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Attack on Nigeria church services kills 16; Islamist sect suspected
Question of the Day
KANO, Nigeria — Gunmen attacked church services on a university campus Sunday in northern Nigeria, using small explosives to draw out and gun down panicking worshippers in an assault that killed at least 16 people, officials said.
The attackers targeted an old section of Bayero University’s campus, where religious groups use a theater and other areas to hold worship services, Kano state police spokesman Ibrahim Idris said.
The assault left many others seriously wounded, Mr. Idris said.
“By the time we responded, they entered [their] motorcycles and disappeared into the neighborhood,” he said.
After the attack, police and soldiers cordoned off the campus as gunfire echoed in the surrounding streets.
Abubakar Jibril, a spokesman for Nigeria’s National Emergency Management Agency, said security forces refused to allow rescuers to enter the campus. Soldiers also turned away journalists from the university.
Andronicus Adeyemo, an official with the Nigerian Red Cross, said a canvass of local hospitals and morgues showed the attack killed at least 16 people. Several people suffered injuries, though the aid agency did not immediately have an exact figure, Mr. Adeyemo said.
No group immediately claimed responsibility. However, Mr. Idris said the attackers used small explosives packed inside of aluminum soda cans for the assault, a method previously used by a radical Islamist sect known as Boko Haram.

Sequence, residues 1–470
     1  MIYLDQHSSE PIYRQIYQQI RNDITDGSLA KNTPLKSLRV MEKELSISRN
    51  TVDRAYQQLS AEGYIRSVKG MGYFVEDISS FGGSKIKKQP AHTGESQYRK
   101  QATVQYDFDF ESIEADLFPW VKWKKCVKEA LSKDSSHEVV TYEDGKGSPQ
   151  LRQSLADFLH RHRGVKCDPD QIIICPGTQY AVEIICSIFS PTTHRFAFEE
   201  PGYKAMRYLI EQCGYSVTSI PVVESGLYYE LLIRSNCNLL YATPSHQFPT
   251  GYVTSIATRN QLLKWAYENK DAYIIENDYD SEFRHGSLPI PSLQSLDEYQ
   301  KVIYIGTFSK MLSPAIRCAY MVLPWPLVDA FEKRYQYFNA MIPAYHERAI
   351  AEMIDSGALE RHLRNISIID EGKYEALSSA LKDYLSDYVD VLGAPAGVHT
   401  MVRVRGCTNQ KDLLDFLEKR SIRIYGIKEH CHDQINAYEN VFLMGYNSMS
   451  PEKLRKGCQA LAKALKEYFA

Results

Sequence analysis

Boko Haram is waging a growing sectarian battle with Nigeria’s weak central government, using suicide car bombs and assault rifles in attacks across the country’s predominantly Muslim north and around its capital, Abuja. Those killed have included Christians, Muslims and government officials.
The sect has been blamed for killing more than 450 people this year alone, according to an Associated Press count.
Diplomats and military officials say Boko Haram has links with two other al Qaeda-aligned terrorist groups in Africa. Members of the sect also reportedly have been spotted in northern Mali, which Tuareg rebels and hard-line Islamists seized control of over the past month.
In January, a coordinated assault on government buildings and other sites in Kano by Boko Haram killed at least 185 people. Since then, the sect has been blamed for attacking police stations and carrying out smaller assaults in the city.
On Thursday, the sect carried out a suicide car bombing at the Abuja offices of the influential newspaper This Day and a bombing at an office building it shared with other publications in the city of Kaduna. At least seven people were killed in those attacks.
Late Thursday, gunmen also bombed a building at the campus of Gombe State University, though authorities said no one was injured in the attack.
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